Conflict & Justice

Photos: Yazidi women undergo a rebirth ceremony after ISIS enslavement

This story is a part of

Seeking Security

This story is a part of

Seeking Security

Yazidis_Marcio_Pimenta_-16.jpg

In a spring at the Yazidi holy site of Lalish, in northern Iraq, Turkia Hussein is accompanied by her children as she gives thanks for being reincorporated as Yazidi again after being captured by ISIS.

Credit:

Marcio Pimenta/PRI

Their religious community suffered an attempted genocide at the hands of ISIS.

Player utilities

Listen to the Story.

Though many escaped, thousands of the Yazidi minority group were killed when ISIS stormed across northern Iraq in 2014. It was the human catastrophe that the United States said led it to relaunch its bombing campaign in Iraq.

But the militants also captured and kept alive thousands of Yazidis. ISIS forced them to convert to their extremist version of Islam. Many of the captive boys were made to fight for the militants. Women and girls were frequently traded as sex slaves.

Now, with ISIS losing ground, some Yazidis are free from captivity and dealing with the trauma. Some are speaking out about their ordeal.

But to rejoin their own community, after forced conversion and emotional and physical abuse, the women must first undergo a form of rebirth ritual.

Traditionally, the ceremony is used for young boys and girls. Now, Yazidis say the extent of the militants' assault on them is a special case — it's required them to extend the ritual to adult women.

In June, we were among the first outside reporting teams the community allowed to attend and document a Yazidi reintegration ceremony at their holy site of Lalish, according to Yazda, a Yazidi aid group operating in Iraq.

Yazidi women who were captured by ISIS in November 2014 in Sinjar, northern Iraq, return to their community and seek religious cleansing.

Yazidi women who were captured by ISIS in November 2014 in Sinjar, northern Iraq, return to their community and seek religious cleansing.

Credit:

Marcio Pimenta/PRI

One of the oldest minorities in Iraq, the Yazidis have been persecuted and targeted for extermination throughout history. In recent times, their villages were razed under Saddam Hussein's dictatorship.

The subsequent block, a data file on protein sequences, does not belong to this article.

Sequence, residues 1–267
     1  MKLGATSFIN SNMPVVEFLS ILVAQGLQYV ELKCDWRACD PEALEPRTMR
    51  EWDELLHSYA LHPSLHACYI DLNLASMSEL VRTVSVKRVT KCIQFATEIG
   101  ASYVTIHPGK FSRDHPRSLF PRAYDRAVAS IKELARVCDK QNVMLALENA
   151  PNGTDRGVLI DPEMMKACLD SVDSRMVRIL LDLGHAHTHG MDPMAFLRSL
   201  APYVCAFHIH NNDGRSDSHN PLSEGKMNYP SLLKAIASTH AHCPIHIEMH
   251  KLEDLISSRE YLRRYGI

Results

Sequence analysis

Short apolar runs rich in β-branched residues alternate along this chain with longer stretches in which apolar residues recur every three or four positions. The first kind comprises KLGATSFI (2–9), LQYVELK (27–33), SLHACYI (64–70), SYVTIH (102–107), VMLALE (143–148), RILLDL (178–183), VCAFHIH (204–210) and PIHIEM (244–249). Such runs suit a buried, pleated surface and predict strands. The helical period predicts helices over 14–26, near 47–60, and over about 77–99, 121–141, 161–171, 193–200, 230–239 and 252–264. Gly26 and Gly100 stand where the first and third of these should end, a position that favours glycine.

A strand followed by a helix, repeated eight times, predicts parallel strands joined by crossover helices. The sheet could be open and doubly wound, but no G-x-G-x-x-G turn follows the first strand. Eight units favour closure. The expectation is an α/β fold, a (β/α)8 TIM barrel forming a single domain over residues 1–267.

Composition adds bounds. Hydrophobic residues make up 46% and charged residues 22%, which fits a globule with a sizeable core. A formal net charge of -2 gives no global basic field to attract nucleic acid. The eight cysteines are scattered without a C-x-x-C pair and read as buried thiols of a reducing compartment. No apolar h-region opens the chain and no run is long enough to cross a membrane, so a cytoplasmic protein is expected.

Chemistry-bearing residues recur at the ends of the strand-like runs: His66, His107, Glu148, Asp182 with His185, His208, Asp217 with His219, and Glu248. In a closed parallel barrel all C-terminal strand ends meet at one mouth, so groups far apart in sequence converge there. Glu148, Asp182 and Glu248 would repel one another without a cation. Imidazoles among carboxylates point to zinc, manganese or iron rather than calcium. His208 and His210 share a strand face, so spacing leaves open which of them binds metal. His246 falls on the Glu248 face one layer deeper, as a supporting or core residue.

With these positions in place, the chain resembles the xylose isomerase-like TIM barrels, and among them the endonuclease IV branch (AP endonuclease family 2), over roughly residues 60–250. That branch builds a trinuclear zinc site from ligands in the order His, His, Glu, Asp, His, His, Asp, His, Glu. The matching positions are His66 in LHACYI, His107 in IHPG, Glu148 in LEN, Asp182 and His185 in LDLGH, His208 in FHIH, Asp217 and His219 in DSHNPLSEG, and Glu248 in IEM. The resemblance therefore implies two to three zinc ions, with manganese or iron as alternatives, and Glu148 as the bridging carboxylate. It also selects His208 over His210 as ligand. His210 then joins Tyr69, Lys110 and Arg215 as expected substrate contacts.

Today, extremists continue to call them "devil worshipers" and attempt to wipe them out.

Turkia Hussein, a 25-year-old Yazidi mother of two, recalls the moment in August 2014 when ISIS — which she calls by its Arabic name, Daesh — invaded the town of Sinjar. Her husband was a member of the Kurdish peshmerga army.

Turkia Hussein, 25, and her 2-year-old daughter Riwazi.

Turkia Hussein, 25, and her 2-year-old daughter Riwazi. The two have finally reunited after ISIS fighters captured the mother.

Credit:

Marcio Pimenta/PRI

“Daesh arrived in the village and told the families that they would not hurt them and that they would not be killed,” Hussein says. "They said they were against the government of Iraq, unlike the Kurdish pershmergas [army]. They said they were trying to protect families."

But they soon became vicious.

Many Yazidis were shot, beheaded or burned alive, and others died of starvation, dehydration or injury.

Those who survived were forced to fight alongside the militants. Younger women were taken as sex slaves and older women were put to domestic work.

Hussein tried to escape with her family. They got in a car and sped down a road leading to the semi-autonomous region of Iraqi Kurdistan. But on the way, ISIS militants intercepted them and took them captive.